One of the ambitions of Networking Archives is to bring together and to foster a community of scholars, data analysts, and developers who share an interest in correspondences that overlap and intersect with the datasets under investigation. Applications are being accepted currently for participation in a scheme that involves a series of training schools and a colloquium. These events, scheduled to take place in Cambridge and Oxford over the course of the next two years, are intended to provide hands-on training in data collation and curation, in network analysis, and in basic coding. Successful applicants will be offered the opportunity to develop their research into chapters that will be published in an edited collection.

Further details of these events, and the conditions regarding application, may be found on the Networking Archives project news page.

 

Antiquarian ‘Science’ in the Scholarly Society: a workshop

On a day in which Mary-Ann Constantine from the Centre for Advanced Welsh and Celtic Studies [CAWCS] at the University of Wales gave an inspirational paper on travel writing and the letters exchanged between the antiquarian Richard Gough and the naturalist and writer Thomas Pennant (introducing the former with the show-stopping phrase ‘Gough tends to be known most widely as a shelfmark’), it is a tremendous pleasure to be circulating news of a forthcoming workshop that will explore how ‘antiquarian science informed collecting’ and collections in the’ early modern scholarly academy’. Organized by the historians of science Anna Marie Roos and Vera Keller, this event will take place on 1 and 2 April at the Society of Antiquaries of London and will examine the work of many of the early modern figures who crossed the divide between natural philosophy and antiquarianism. Full details of the programme and speakers, together with information regarding registration for the workshop, may be found here.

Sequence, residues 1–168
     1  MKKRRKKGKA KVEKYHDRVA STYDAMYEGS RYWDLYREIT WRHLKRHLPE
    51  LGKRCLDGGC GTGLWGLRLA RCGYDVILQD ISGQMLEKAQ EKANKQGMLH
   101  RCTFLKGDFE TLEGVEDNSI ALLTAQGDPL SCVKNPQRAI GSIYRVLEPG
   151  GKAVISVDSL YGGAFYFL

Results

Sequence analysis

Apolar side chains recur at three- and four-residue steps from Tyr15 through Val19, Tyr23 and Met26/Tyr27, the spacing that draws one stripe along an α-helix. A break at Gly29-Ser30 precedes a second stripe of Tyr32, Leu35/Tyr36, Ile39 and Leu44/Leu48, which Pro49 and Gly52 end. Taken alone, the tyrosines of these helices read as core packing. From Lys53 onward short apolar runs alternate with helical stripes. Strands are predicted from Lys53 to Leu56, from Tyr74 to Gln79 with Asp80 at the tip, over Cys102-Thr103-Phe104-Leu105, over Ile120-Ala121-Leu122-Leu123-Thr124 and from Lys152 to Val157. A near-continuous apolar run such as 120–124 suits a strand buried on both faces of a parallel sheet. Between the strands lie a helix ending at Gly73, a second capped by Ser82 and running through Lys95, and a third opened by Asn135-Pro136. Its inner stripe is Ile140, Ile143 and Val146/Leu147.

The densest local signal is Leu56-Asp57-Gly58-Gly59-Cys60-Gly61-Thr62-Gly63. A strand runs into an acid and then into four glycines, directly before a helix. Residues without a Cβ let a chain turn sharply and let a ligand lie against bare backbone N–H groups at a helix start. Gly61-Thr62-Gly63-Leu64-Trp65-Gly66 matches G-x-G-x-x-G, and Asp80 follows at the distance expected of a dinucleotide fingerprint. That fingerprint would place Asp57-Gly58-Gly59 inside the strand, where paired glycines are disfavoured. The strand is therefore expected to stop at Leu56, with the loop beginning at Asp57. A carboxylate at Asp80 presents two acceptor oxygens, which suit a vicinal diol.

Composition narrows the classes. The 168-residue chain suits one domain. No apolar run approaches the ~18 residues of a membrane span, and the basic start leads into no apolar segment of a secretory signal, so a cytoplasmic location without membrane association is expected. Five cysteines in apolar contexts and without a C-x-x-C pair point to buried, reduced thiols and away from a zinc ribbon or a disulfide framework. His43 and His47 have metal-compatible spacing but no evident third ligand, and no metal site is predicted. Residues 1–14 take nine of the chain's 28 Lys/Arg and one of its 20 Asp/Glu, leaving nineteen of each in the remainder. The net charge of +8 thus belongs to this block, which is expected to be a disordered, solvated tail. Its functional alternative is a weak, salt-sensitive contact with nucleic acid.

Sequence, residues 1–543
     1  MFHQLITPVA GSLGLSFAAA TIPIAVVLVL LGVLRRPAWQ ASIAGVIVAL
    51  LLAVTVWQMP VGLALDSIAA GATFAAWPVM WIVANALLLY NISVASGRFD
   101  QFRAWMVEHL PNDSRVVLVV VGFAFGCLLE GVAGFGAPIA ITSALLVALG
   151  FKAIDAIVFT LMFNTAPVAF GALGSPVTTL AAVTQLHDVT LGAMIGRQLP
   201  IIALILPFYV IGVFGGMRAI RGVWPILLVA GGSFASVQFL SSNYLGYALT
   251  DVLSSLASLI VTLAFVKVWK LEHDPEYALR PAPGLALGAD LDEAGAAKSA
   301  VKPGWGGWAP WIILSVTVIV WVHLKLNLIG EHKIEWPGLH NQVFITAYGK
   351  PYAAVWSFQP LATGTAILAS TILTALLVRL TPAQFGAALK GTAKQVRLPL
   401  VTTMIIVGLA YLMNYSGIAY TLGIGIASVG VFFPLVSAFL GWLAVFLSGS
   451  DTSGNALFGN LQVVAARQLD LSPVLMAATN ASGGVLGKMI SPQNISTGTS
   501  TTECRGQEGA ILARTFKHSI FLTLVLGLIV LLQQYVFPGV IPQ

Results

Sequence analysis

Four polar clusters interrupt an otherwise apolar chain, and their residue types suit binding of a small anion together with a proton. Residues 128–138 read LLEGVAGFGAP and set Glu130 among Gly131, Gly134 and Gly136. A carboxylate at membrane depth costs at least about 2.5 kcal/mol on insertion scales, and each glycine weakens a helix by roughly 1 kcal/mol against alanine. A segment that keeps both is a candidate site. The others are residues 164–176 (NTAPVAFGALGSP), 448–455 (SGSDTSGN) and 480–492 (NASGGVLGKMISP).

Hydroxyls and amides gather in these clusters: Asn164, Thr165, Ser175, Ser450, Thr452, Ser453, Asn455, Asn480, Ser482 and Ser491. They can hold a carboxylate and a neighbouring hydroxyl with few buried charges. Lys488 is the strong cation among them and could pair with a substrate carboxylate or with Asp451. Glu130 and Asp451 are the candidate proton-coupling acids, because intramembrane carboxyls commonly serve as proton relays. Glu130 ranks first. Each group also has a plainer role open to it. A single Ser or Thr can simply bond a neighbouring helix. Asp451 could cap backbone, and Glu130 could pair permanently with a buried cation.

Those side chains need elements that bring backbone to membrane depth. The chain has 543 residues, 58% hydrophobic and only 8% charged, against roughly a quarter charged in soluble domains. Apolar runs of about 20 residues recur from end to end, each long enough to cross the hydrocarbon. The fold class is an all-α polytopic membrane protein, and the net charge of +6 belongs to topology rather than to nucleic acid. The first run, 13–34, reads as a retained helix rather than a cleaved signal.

In praise of the pioneering student: Elena Cornaro Piscopia

In November 2017, a delegation of scholars from Oxford, including the Chichele professor of medieval history Julia Smith, the Cultures of Knowledge project director and professor of early modern intellectual history Howard Hotson, and the professor of modern history Robert Gildea, visited the University of Padua to discuss potential collaboration between the two institutions. One outcome of this visit was the establishment of a framework to enable student exchange, and duly an undergraduate from the Galileian School and the University of Padua was selected to visit Oxford in Trinity term 2018. With the support and encouragement of Professor Paola Molino at the University of Padua, this first student, Francesco Zambonin, elected to spend his month in Oxford learning about epistolary metadata with Early Modern Letters Online.

(Source of image: Posteitaliane)

In addition to acquiring valuable experience in the necessary preparation of metadata prior to upload into an epistolary union catalogue, Francesco chose to compile an inventory of correspondence for one of the most fascinating Italian female scholars in the early modern period. We are delighted to be publishing in EMLO this week the fruits of his work with the release of the catalogue of the letters of Elena Lucrezia Cornaro Piscopia.

Cornaro Piscopia (1646–1684) was born illegitimate, the third child of a Venetian patrician (and subsequent procurator of St Mark’s) Giovanni Battista Cornaro and his then mistress Zanetta Boni; although the couple married in 1654, only their sons were legitimized. Cornaro Piscopia’s gift for languages (which earned her the title ‘Oraculum Septilingue‘), music, and mathematics, in addition to her erudition in theology and philosophy, were encouraged from an early age and permitted to flourish.1 This female scholar chose not to marry — rather, she entered the Benedictine order as an oblate — and her scholarship became renowned across Europe. At the age of just nineteen, she was referenced in the dedication to her father by the Swiss theologian Johann Heinrich Hottinger in the sixth volume of his Historia Ecclesiastica, and she is recorded as having been elected as member to seven academies in five different Italian cities between 1669 and 1672.2 In 1678, Cornaro Piscopia was awarded her doctorate in philosophy at the University of Padua and in the process — as far as has been established to date — she may have become the first woman to attain this degree. Certainly, the process attracted widespread attention: her viva was conducted in front of crowds too numerous to be accommodated in the university hall and thus the ceremony was moved to the Basilica of Saint Anthony of Padua, where Cornaro Piscopia chose to discourse on Aristotle, whose work she had studied under the guidance of the philosopher Carlo Rinaldini (1615–1698).